A fiercely independent thinker and writer, Martin R. Delany, was a man of many different roles. He was an abolitionist, editor, writer, doctor, and politician, he has also been noted as being the first field officer in the United States Army, serving as a major during and after the American Civil War. He was also among the first black nationalists.
Delany was born in Charlestown, Virginia, to Pati and Samuel Delany. His father was enslaved, but his mother was a free woman, and Martin took her status under the Virginia slave law. His parents both were of Mandinka ethnicity.
Growing up, Delany learned to read and write using The New York Primer and Spelling Book, which was given to his family by a peddler. It was against the law for slaves to learn to read, and when the book was discovered, his mother took him and his siblings out of Virginia to Chambersburg in the free state of Pennsylvania for safety.
In 1831, at the age of 19, Delany moved west to the growing city of Pittsburgh, where he became a barber and laborer. Having heard stories about his parents’ ancestors, he wanted to visit Africa. Delaney and three other young black men were later accepted into Harvard Medical School. However, at the time, blacks were not allowed into the school after numerous white students petitioned to keep blacks out. He later attended Jefferson College, where he was taught Latin and Greek.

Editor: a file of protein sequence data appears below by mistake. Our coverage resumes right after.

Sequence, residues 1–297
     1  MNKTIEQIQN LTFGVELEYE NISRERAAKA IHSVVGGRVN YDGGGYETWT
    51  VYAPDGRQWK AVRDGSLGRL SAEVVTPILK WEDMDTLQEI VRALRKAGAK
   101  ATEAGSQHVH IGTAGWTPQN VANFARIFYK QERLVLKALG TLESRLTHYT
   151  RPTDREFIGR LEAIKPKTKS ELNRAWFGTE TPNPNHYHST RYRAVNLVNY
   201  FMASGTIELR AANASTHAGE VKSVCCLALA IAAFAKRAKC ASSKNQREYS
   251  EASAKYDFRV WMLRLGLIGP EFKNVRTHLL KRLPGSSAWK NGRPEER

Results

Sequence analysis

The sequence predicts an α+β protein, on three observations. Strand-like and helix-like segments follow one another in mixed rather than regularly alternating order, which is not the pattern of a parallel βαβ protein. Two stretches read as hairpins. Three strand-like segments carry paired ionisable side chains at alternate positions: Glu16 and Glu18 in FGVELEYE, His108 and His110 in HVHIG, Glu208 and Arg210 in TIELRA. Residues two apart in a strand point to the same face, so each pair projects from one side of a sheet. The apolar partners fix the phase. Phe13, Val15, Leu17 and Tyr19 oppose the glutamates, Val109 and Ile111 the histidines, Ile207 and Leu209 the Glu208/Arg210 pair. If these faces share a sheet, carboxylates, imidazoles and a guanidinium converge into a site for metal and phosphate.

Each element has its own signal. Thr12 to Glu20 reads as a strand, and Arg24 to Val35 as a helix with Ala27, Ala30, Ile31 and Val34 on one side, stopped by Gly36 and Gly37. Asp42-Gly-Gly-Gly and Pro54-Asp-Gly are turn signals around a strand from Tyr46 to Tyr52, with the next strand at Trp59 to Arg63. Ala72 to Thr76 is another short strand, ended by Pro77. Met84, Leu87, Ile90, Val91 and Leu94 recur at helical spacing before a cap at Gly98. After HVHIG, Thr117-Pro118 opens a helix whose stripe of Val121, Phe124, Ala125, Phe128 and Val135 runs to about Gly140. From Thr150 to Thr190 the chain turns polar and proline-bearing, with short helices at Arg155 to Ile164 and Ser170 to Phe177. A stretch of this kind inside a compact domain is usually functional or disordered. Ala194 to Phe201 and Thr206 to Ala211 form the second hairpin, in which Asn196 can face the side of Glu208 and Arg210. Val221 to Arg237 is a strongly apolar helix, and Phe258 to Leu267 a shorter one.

During the widespread of the cholera epidemic in 1832, Delany became apprenticed to Dr. Andrew N. McDowell. He focused on learning the contemporary techniques of fire cupping and leeching, then considered the primary techniques to treat disease. He continued to study medicine under the mentorship of Dr. McDowell and other abolitionist doctors, such as Dr. F. Julius LeMoyne and Dr. Joseph P. Gazzam of Pittsburgh.
During the 1830s, Delany became involved in political matters and attended the first National Negro Convention in 1831. In the 1840s, Delany began publishing The Mystery, which was a black-controlled newspaper. His articles were usually reprinted in other venues. He later worked with Frederick Douglass and William Lloyd Garrison to publish The North Star.
He later served in the Civil War and was the only black officer to receive the rank of major during the war. After the war, he remained with the Army and served under General Rufus Saxton in the 52nd U.S. Colored Troops. He was later transferred to the Freedmen’s Bureau, serving on Hilton Head. Delany died in 1885 at the age of 72.